10 Some things don’t need reinventing. Like classic rock. Or the blues. Or the power trio. Case in point: California’s Shotgun Sawyer. They’ve clearly spent some quality time soaking up the old sounds of everyone from Muddy and Wolf to Zep and Sabbath — and channeling them into songs like their latest butt-kicking riff-rocker (Let Me) Take You Home, a preview of their forthcoming sophomore album Bury the Hatchet. That cover art below tells you where they want to bury it — and tells you everything you really need to know about them. SAYS THE PRESS RELEASE: “For Bury The Hatchet, we teamed up with Cody Tarbell of the prodigious Slow Season at his Double Wide Studios to create the most raw, unfiltered, authentic record we could imagine. Recorded live, with absolutely no instrumental dubs, and using only analogue technologies, tricks, and tape, the result was the most honest presentation of our band possible.” The safety’s off:

11 Have you been watching The Punisher on Netflix? I haven’t. But maybe I should: Apparently they’ve already featured two songs from Schenectady, N.Y., garage-rock outfit The Abyssmals’ forthcoming full-length Gospels, Hymns and Other Trash! If the rest of their soundtrack is as good as the fuzzy majesty For All of Time — which is what Johnny Kidd and The Pirates would sound like if they recruited a female vocalist and moved into 1313 Mockingbird Lane — count me in. This version comes from their self-titled first album, since the link the label sent me was private. Speaking of punishment. SAYS THE PRESS RELEASE:Link Wray meets Bela Lugosi on this song about romance that flirts with deranged obsession (or is it vice versa?) that explodes into distorted exaltation. We want you simultaneously spent and wanting more.” Bring it:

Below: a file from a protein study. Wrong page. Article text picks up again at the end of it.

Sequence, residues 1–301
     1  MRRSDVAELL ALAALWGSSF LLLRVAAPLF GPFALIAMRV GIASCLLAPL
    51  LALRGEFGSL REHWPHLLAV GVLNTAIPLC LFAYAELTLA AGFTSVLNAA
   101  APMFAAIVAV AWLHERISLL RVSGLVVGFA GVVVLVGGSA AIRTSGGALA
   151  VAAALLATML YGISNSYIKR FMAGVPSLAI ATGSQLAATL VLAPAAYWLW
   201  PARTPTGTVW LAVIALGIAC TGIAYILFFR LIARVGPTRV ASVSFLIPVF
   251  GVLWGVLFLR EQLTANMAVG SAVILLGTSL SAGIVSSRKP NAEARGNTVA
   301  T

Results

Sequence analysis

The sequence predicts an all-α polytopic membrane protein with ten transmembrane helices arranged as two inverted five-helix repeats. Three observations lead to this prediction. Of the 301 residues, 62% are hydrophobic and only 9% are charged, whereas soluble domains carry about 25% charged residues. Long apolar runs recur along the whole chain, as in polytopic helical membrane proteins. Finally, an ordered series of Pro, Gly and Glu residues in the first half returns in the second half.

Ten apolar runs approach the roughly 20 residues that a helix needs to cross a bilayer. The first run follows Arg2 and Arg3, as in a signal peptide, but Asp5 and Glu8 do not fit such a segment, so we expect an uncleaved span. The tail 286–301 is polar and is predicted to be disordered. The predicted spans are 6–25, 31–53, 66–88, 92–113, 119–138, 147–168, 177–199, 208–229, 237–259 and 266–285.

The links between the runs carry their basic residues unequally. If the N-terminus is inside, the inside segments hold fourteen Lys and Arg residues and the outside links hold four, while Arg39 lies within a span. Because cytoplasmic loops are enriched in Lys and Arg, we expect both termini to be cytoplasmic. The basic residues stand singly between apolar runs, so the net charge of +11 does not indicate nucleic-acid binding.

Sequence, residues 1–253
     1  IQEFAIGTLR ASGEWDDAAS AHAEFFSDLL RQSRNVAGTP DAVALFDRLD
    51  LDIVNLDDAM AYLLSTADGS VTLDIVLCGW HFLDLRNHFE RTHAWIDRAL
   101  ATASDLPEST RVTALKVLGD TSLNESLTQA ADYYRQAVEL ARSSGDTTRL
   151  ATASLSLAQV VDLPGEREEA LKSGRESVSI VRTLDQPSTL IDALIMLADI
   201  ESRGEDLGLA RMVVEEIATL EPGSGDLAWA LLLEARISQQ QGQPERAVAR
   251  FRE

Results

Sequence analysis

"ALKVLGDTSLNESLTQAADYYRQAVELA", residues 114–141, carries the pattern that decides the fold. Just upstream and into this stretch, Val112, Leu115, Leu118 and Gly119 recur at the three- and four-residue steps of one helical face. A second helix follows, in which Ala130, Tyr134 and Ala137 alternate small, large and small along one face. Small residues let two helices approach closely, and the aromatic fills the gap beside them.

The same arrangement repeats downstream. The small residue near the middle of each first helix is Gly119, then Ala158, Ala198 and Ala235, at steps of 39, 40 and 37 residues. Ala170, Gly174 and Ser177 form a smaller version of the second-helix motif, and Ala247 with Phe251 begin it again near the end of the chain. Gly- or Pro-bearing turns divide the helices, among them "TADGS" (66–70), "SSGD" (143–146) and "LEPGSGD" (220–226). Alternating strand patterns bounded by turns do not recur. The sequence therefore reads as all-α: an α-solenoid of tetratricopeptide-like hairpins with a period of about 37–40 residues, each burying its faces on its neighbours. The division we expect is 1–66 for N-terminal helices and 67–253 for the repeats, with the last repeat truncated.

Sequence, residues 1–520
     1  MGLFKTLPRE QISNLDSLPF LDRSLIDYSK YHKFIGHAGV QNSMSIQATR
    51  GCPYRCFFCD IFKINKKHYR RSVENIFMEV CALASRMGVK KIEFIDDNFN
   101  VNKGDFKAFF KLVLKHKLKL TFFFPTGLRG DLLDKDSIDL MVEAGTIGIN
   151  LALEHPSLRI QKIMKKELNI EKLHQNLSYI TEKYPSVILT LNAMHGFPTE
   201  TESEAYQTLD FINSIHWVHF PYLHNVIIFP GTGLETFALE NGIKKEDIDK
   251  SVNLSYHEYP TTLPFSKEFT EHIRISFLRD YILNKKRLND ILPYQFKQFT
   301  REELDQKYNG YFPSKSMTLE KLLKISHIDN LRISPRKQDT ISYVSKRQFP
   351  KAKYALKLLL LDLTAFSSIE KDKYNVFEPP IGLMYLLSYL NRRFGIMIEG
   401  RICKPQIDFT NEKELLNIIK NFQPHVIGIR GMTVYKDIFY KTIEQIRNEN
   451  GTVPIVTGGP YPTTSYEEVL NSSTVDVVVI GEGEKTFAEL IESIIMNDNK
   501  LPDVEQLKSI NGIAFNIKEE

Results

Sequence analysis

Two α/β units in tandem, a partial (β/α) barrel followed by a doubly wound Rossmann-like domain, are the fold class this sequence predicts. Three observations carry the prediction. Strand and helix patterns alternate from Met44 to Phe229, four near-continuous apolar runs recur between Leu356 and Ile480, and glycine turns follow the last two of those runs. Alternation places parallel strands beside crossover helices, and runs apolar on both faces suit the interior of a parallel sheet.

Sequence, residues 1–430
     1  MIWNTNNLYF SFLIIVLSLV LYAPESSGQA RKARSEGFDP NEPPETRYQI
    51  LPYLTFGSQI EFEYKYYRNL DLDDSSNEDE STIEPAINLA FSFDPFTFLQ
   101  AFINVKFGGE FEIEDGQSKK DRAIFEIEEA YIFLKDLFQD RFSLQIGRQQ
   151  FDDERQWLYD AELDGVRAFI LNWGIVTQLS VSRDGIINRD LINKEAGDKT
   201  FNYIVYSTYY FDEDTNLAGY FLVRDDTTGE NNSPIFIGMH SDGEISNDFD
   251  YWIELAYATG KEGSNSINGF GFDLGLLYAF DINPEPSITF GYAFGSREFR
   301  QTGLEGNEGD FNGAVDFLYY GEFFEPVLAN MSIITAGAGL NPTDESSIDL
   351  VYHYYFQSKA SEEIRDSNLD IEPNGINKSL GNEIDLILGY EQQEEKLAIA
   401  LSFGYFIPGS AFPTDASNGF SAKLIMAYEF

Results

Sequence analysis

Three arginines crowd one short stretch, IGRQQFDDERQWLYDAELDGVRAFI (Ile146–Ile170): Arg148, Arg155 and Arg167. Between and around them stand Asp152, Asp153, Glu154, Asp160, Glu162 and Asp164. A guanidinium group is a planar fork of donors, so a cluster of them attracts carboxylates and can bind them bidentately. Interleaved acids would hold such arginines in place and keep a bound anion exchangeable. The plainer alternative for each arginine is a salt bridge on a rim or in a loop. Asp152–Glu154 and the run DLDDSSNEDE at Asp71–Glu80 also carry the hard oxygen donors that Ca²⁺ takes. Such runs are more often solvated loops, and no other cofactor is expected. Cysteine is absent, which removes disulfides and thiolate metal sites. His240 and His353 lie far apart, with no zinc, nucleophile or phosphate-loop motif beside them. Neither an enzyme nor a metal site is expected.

12 Change can be a pain. But it can also be an opportunity. Just ask Kingston alt-rockers Kasador (whose handle is a play on the Spanish term for leader Will Hunter’s last name). After losing a couple of members in the past couple of years, they’ve regrouped as a quartet, retooled their sound — and even put lead guitarist Cam Wyatt on the mic for their fittingly ruminative single Brood & Bloom, the title cut from their upcoming album. SAYS THE PRESS RELEASE: “This is our first song with Cam on lead vocals, which is an exciting change for us. As a founding member, Cam has always been an integral part of our instrumentation. He really lead the charge on this one – you can hear it in the heavy riffs and soaring vocals.” Fire away:

13 Usually art imitates life. Sometimes art imitates art. And occasionally it does both. At least, that’s how it is on Water’s Gate, the debut album from Vancouver indie-folk duo Porteau. They’ve already shared the singles River Song and Penelope on these pages. Now they present their latest melodic gem, the appropriately nocturnal Moon Maidens. SAYS THE PRESS RELEASE: “As an ode to Greek mythology, the record plays on this idea of someone being immortalized in the stars. The album artwork features this character between the ocean and the sky.” Twinkle, twinkle: